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Movie Review: A terrific cast elevates the thoughtful, stripped-down sci-fi of Marjorie Prime

2 hours ago

Sci-fi effects extravaganzas are a dime a dozen, but bona-fide sci-fi films—that is, movies that exemplify the so-called literature of ideas and not just the sci-fi aesthetic—are rare. Marjorie Prime, the offbeat indie stalwart Michael Almereyda’s thoughtful adaptation of a Pulitzer-nominated play by Jordan Harrison, isn’t interested in futuristic, high-tech backdrops, even though it seems to be set sometime in the 2040s. The most stylish thing about it is the eerie original music by Mica Levi, the art-damaged noise-popster-turned-composer who previously scored Under The Skin and Jackie. But aside from that, the movie lacks ostentation; it appears so simple and unworldly and unhip that one wants to protect it. This is business as usual for Almereyda (Experimenter: The Stanley Milgram Story, Hamlet), a brainy misfit kind of filmmaker who works with that mostly forgotten credo that indie films should give viewers something that doesn’t »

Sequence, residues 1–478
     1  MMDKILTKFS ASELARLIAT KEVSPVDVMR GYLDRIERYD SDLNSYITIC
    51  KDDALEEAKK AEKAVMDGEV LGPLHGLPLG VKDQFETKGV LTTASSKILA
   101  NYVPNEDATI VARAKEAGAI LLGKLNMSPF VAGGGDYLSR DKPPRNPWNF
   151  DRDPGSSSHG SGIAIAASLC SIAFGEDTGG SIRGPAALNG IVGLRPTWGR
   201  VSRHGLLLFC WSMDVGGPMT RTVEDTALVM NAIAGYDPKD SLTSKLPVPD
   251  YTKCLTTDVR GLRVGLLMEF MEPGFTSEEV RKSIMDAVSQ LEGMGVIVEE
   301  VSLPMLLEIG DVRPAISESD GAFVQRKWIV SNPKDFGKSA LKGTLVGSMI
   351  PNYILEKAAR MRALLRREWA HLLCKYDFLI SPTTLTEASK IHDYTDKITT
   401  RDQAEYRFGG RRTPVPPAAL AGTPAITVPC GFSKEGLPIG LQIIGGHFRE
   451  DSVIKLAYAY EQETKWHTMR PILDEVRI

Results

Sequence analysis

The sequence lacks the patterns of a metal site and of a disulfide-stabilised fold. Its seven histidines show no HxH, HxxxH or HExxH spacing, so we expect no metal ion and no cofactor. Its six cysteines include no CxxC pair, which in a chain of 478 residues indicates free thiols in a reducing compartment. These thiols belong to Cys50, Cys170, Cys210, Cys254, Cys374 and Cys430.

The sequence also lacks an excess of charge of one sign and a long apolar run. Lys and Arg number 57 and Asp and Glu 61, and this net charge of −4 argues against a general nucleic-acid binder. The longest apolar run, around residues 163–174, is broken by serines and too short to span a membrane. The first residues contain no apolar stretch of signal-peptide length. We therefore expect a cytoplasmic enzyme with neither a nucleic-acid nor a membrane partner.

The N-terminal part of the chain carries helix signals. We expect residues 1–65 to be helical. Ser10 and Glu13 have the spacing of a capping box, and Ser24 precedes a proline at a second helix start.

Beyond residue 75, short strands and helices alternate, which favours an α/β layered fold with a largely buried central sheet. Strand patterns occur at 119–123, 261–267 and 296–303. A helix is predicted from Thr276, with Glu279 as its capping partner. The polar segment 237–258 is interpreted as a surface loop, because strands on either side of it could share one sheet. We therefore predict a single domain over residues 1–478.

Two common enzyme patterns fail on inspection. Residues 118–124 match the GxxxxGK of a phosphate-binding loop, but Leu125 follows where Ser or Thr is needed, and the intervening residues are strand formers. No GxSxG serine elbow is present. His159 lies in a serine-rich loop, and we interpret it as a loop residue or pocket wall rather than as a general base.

- Ignatiy Vishnevetsky

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Movie Review: Samuel L. Jackson and Ryan Reynolds sneak only a little fun into The Hitman’s Bodyguard

12 hours ago

The Hitman’s Bodyguard, which bears the tagline “Get triggered” and is essentially a dumber, tackier Midnight Run, was destined to be one of those Neanderthalic, faux-merican EuropaCorp action movies, like The Transporter or From Paris With Love­­—except fate fumbled, and the film ended up as a coasting-on-star-power Hollywood programmer directed by The Expendables 3’s Patrick Hughes. At least it manages to be sort of amusing. Ryan Reynolds plays the Robert De Niro role, only instead of being a prickly, Sinatra-belting bail bondsman and former Chicago cop who’s still hung up on his ex-wife, he’s a finicky, Ace Of Base-yodeling bodyguard-for-hire and former CIA agent (aren’t they all?) who’s still hung up on his ex-girlfriend. We’re introduced to him living in one of those glass modernist shoeboxes that all of today’s elite big-screen gunmen seem to live in, until one pesky »